hospital. The trial court overruled Branum’s objection to the admission of the
serum results, stating that her objection “goes to the weight and not to the
admissibility,” and admitted the entirety of Branum’s medical records, including
the serum results.
After the trial court’s ruling but later in the trial, Johnson testified that he
was familiar with the testing machine used by the hospital and that Branum’s
serum-blood test result was 150, which equated to a whole-blood result of 0.13.
Branum did not object to this testimony. The State argues that any error in the
admission of the serum test results was “cured” after Johnson’s testimony was
adduced with no objection. But the trial court overruled Branum’s reliability
objection and admitted the blood-serum portion of Branum’s hospital records
outside the presence of the jury. The first testimony as to the serum results was
from Johnson. Branum was not required to object again when the evidence was
first discussed in the jury’s presence. See, e.g., Coalwell v. State, No. 04-16
00358-CR, 2017 WL 4014707, at *7 (Tex. App.—San Antonio Sept. 13, 2017, no
pet.) (mem. op., not designated for publication); Perez v. State, No. 10-16-00029
CR, 2016 WL 7436632, at *2 (Tex. App.—Waco Dec. 21, 2016, pet. ref’d) (mem.
op., not designated for publication); Rawlings v. State, 874 S.W.2d 740, 742
(Tex. App.—Fort Worth 1994, no pet.).
Although Branum was not required to object again in the jury’s presence to
preserve this argument for our review, the entirety of the record must show that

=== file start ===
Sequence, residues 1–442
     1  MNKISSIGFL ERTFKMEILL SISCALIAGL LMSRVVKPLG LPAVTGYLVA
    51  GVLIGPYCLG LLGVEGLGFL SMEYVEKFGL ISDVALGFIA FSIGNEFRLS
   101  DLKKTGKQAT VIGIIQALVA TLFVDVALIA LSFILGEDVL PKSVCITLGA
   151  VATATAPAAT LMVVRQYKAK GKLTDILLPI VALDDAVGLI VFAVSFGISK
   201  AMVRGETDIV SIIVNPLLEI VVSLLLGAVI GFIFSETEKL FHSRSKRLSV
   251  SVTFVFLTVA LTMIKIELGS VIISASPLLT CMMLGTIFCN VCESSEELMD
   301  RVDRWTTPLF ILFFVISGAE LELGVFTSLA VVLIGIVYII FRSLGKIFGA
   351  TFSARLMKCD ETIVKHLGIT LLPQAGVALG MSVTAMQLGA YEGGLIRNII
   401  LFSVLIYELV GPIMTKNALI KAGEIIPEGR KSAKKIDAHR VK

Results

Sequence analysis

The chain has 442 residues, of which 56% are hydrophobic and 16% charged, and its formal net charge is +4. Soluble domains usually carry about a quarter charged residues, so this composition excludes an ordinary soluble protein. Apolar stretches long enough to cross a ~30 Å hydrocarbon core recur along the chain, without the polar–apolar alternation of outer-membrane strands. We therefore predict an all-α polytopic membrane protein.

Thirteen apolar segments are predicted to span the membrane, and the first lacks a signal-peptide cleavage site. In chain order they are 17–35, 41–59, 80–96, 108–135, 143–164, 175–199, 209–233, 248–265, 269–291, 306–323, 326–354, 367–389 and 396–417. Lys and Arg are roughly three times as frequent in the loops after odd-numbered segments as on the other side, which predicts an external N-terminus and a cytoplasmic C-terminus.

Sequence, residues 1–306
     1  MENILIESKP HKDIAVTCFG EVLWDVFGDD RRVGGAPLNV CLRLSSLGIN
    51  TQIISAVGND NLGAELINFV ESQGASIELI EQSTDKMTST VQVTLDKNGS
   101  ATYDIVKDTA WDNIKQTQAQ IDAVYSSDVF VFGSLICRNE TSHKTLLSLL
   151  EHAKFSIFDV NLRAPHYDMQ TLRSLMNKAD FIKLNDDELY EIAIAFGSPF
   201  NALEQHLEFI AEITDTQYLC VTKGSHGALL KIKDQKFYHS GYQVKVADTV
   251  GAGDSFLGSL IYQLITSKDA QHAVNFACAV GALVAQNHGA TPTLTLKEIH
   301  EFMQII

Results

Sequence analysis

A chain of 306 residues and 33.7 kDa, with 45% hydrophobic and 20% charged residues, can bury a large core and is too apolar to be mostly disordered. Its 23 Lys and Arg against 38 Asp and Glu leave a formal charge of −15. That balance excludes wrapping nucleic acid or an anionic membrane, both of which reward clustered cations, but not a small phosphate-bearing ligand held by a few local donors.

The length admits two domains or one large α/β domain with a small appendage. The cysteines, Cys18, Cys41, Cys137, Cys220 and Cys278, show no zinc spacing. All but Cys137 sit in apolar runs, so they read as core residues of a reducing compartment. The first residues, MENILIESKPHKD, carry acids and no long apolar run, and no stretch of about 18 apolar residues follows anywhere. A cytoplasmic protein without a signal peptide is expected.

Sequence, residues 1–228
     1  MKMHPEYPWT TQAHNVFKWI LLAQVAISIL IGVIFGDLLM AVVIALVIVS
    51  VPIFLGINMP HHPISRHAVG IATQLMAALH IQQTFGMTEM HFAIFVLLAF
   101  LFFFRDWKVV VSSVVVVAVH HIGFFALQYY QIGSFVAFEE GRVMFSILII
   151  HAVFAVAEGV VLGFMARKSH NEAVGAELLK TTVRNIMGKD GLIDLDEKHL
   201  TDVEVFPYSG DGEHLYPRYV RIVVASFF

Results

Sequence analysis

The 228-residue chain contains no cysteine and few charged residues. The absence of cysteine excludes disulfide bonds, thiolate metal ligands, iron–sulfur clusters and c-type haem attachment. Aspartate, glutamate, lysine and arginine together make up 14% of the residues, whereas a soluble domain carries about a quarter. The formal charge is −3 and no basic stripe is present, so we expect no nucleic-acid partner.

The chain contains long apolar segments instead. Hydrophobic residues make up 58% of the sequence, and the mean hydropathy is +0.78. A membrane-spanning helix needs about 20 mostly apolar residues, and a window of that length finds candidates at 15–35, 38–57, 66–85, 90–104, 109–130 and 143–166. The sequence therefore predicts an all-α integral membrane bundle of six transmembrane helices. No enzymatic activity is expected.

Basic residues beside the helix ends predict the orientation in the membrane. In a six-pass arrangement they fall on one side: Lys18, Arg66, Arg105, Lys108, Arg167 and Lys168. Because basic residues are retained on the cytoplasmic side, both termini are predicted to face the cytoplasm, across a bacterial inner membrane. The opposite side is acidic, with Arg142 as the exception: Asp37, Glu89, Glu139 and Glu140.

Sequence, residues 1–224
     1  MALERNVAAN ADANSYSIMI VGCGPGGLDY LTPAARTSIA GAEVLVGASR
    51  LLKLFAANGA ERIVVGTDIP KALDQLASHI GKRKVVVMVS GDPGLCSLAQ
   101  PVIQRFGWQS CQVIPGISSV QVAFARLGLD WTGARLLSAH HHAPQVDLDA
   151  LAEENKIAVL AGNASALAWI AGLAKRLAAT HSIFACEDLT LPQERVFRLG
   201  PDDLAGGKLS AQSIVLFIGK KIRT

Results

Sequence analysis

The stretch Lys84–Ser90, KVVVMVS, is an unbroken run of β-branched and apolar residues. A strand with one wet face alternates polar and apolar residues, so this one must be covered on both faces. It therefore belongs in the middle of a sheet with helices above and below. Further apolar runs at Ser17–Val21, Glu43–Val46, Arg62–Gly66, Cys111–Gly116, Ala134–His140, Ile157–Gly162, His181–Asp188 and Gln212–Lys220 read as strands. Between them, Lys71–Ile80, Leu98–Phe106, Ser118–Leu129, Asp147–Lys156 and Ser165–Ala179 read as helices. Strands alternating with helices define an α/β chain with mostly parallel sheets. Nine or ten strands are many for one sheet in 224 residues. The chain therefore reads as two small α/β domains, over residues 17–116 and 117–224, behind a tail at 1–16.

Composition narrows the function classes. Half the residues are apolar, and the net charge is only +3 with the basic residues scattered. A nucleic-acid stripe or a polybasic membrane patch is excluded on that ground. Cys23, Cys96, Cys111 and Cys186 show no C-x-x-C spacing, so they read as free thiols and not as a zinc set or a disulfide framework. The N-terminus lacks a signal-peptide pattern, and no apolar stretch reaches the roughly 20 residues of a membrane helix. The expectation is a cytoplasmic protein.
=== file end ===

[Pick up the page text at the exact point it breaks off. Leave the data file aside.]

Branum was harmed by the admission of the serum results. See Motilla v. State,
78 S.W.3d 352, 355–56 (Tex. Crim. App. 2002); Ethington v. State, 819 S.W.2d
854, 858 (Tex. Crim. App. 1991). Error arising from the alleged erroneous
admission of the serum results would be harmful if it affected Branum’s
substantial rights, i.e., the error had a substantial and injurious effect on the jury’s
verdict. See Tex. R. App. P. 44.2(b); Patterson v. State, 508 S.W.3d 432, 440
(Tex. App.—Fort Worth 2015, no pet.). The entirety of the record here does not
show the requisite harm.
Multiple markers of Branum’s intoxication apart from the serum results
were admitted into evidence. Her blood samples taken pursuant to the search
warrant were tested multiple times with no result being below the legal limit for
intoxication. Gilliam, the responding police officer, testified that Branum admitted
she had been drinking the night before, was unable to complete the horizontal
gaze-nystagmus test, and smelled of alcohol. Branum’s treating nurses stated
that she smelled of alcohol and concluded that she was intoxicated. Seltzer
testified that Branum had multiple drinks the night before the accident. So many,
in fact, Seltzer fruitlessly offered to have her boyfriend drive Branum home. We
would not be able to conclude that the allegedly erroneous admission of the
serum results, which also indicated Branum’s intoxication, had a substantial and
injurious effect on the jury’s verdict in light of this other evidence showing that
she was intoxicated. See, e.g., Leigh v. State, No. 10-12-00056-CR, 2013 WL
5777852, at *3–4 (Tex. App.—Waco Oct. 24, 2013, no pet.) (mem. op., not
designated for publication); Hartman v. State, 198 S.W.3d 829, 840 (Tex. App.—
Corpus Christi 2006, no pet.). We overrule issue two.
IV. JURY CHARGE
In her third issue, Branum asserts that the jury charge was erroneous
because it failed to correctly incorporate the causation instruction.16 The abstract
16At trial, Branum introduced evidence suggesting that her accelerator pedal had become stuck at the time of the accident and that she had a green light when she crossed into the intersection.
portion of the charge defined concurrent causation.17 See Tex. Penal Code Ann.